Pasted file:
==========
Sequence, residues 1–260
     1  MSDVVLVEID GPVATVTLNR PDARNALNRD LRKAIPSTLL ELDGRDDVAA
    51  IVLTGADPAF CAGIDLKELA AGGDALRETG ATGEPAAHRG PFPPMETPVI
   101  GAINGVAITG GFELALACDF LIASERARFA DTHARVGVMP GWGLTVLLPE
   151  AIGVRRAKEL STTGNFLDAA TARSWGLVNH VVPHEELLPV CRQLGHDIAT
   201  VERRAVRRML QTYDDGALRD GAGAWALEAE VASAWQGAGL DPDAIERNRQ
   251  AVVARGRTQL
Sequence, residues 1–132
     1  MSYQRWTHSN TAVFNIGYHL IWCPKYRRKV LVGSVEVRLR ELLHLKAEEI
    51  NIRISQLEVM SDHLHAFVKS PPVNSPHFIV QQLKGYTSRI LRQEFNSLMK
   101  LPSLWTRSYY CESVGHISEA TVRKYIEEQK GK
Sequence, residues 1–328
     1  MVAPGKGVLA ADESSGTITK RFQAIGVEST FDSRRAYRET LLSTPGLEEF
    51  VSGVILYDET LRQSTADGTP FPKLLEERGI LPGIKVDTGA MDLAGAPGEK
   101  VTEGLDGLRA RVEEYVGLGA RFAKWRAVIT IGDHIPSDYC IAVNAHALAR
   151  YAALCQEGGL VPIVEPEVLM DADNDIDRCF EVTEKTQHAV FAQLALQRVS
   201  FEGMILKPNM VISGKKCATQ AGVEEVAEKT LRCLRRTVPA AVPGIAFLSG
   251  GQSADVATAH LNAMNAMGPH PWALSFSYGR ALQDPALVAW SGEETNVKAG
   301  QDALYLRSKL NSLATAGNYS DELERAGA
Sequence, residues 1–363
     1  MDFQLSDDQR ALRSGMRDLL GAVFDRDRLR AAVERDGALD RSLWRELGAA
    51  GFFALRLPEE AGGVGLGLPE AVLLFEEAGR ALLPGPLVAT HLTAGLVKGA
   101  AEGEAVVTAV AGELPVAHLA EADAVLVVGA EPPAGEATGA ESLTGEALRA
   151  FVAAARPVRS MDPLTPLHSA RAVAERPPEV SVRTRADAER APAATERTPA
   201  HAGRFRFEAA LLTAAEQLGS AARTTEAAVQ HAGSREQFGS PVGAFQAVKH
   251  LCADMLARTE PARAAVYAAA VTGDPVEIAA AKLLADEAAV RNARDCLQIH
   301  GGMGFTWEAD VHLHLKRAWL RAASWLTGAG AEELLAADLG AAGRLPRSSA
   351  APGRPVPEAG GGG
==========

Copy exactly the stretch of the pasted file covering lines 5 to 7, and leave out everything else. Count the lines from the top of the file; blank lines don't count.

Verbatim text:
   151  AIGVRRAKEL STTGNFLDAA TARSWGLVNH VVPHEELLPV CRQLGHDIAT
   201  VERRAVRRML QTYDDGALRD GAGAWALEAE VASAWQGAGL DPDAIERNRQ
   251  AVVARGRTQL